> . . Am I wrong? How else do you see breaking the
    > capacity problem?

    Well, that’s a broad question. If you’re talking specifically about air traffic control infrastructure then yes, that’s certainly a federal job because it’s interstate in scope. That’s what they keep arguing about in the FAA reauthorization right now because they want to fund the new system.

    But if you’re talking about airports, it’s a big jumble of responsibility split between the feds, the state, and local governments. There are only a handful of airports in the US that truly need additional infrastructure. If you can get SFO to spread their runways out and JFK and ORD to add some more runways, you’re in much better shape on that front.

    In fact, ORD is doing just that. It’s part of the mammoth ORD expansion program and yes, there is quite a bit of federal funding in there. Though I don’t have the FAA budget in front of me, I’d imagine that you could funnel enough money into those three airports to make big changes without having to add a new tax.

    > For the layman, what actual controls (direct power,
    > indirect power — eg funding, etc) does the DOT/ FAA
    > have over airports and airport operations?

    Oh man, you’re really going to test me on some of these. Most large airport projects end up needing federal funding so the FAA has a direct impact in those areas even if the decision to complete the projects isn’t necessarily their own. As far as airport operations go, that’s an FAA decision. So when JFK recently starting using their runways more efficiently, that came from the FAA.

    > Is a lack of adequate snow clearing/ de-icing equipment
    > really an issue at most large, at risk markets? Who is
    > responsible for making those investment decisions? Who
    > is responsible for paying for them? Does it come from
    > landing fees?

    This is not my area of expertise so maybe others would know better. But, my understanding is that the airport managers are in charge of snow removal while the individual airlines are in charge of deicing their aircraft. Some airports have massive deicing pads that make traffic flow much better, but that requires a lot of space and money to make it happen. Snow removal is probably a lot trickier than I would imagine. In a huge blizzard, no amount of equipment is going to clear runways fast enough, but I would assume there are other times where better equipment could make things happen.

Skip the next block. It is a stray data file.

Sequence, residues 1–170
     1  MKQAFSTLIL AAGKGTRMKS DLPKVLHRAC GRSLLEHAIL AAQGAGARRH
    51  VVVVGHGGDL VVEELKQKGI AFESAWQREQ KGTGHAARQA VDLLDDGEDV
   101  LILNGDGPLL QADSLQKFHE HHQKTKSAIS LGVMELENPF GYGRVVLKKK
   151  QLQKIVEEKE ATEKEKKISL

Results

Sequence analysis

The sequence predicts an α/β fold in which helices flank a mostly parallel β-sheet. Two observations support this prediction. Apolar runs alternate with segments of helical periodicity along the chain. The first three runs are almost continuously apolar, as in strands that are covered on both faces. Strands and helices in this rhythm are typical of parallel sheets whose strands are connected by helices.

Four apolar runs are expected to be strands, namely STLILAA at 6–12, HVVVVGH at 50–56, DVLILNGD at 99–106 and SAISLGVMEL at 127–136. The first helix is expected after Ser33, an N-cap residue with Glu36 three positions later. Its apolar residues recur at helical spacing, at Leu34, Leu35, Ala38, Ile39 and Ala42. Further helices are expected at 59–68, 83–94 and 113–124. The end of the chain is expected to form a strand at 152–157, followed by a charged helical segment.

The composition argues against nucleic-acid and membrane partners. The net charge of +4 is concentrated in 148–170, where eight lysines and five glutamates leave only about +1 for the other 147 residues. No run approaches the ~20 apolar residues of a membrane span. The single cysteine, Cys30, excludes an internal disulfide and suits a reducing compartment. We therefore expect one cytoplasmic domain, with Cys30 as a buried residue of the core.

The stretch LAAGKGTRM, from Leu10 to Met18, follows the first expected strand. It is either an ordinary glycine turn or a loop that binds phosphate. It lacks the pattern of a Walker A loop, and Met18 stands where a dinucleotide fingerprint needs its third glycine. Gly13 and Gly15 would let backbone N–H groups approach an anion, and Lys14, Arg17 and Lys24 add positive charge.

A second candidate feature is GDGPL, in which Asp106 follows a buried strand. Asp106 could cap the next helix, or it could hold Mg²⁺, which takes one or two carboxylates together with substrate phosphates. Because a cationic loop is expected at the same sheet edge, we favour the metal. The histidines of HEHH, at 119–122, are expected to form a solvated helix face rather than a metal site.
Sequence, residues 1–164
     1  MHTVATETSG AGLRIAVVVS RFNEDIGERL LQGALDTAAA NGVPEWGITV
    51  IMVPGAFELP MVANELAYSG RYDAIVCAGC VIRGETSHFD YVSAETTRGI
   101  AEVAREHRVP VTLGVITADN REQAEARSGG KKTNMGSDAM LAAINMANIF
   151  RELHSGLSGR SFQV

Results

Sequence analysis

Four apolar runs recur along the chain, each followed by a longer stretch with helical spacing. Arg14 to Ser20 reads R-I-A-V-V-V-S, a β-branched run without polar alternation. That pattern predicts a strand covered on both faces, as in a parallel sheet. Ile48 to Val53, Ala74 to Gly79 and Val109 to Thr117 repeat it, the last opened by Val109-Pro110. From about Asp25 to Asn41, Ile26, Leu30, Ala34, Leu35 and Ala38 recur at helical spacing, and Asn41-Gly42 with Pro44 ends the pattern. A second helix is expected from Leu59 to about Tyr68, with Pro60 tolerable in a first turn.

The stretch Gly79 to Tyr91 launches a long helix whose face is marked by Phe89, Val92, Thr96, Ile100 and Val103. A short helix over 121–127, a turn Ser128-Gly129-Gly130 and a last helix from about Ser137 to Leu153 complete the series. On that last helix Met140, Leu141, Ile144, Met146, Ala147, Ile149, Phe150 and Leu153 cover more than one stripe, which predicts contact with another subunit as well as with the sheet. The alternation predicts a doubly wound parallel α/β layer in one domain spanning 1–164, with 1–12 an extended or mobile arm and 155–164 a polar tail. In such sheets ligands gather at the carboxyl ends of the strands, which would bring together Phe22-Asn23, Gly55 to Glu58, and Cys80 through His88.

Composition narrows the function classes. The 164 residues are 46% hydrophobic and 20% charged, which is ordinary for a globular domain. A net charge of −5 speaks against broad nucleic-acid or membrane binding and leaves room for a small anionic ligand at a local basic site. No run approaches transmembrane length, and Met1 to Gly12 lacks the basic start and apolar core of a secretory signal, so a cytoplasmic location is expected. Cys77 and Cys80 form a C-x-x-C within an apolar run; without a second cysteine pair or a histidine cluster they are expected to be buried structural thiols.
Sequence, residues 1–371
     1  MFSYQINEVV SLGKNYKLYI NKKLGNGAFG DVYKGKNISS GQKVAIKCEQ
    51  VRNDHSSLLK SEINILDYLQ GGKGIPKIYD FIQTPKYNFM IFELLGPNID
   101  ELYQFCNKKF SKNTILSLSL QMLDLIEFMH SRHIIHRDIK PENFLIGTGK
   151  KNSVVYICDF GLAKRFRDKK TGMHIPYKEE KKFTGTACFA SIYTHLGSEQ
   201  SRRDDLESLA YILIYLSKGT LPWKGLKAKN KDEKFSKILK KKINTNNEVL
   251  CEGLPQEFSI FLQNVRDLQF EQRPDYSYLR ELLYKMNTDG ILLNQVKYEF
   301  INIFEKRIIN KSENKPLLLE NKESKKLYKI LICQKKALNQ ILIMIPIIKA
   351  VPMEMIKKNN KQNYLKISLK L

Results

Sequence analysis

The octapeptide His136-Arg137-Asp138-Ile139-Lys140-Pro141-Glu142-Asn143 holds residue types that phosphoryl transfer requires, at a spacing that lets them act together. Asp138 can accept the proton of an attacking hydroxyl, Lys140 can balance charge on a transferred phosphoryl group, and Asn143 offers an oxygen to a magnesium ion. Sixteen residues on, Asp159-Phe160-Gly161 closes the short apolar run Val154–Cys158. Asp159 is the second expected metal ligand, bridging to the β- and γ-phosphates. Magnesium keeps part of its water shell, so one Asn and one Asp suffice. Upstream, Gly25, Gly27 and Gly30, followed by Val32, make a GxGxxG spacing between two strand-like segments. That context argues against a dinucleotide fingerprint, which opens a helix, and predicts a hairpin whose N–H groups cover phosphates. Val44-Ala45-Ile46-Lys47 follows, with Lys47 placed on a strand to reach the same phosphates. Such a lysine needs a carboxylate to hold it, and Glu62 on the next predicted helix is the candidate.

> How can the federal government help with local airports
    > violating local air traffic noise? Can the FAA/ DOT
    > override local ordinances?

    If there are specific agreements about noise, then I would think it would require renegotiation. Though the government can probably override if it’s absolutely necessary. But I was speaking more about areas that don’t have noise regulation but will raise hell if the government tries to move airplanes over their heads. They can push that through if they want because there are no regulations at that point.

    > Is the system for taxiing at airports a national one or
    > is their independent decision making by the local port
    > authorities/ airports?

    I believe that taxiing is under airfield operations and is handled by the FAA. You have to have standardization globally to avoid causing major accidents, so the ICAO is probably involved as well. There are changes that are being discussed on the national level including improved signaling and on-ground computer simulations that would show positions of every aircraft even in dense fog. Testing may happen at individual airfields, but the FAA is responsible.

    These are some really good, really tough questions, and I tried to answer to the best of my knowledge. If other readers know more, please comment/correct me.

  9. HeavyGod says:

    Really good and really interesting post. I expect (and other readers maybe :)) new useful posts from you!
    Good luck and successes in blogging!

Join the Conversation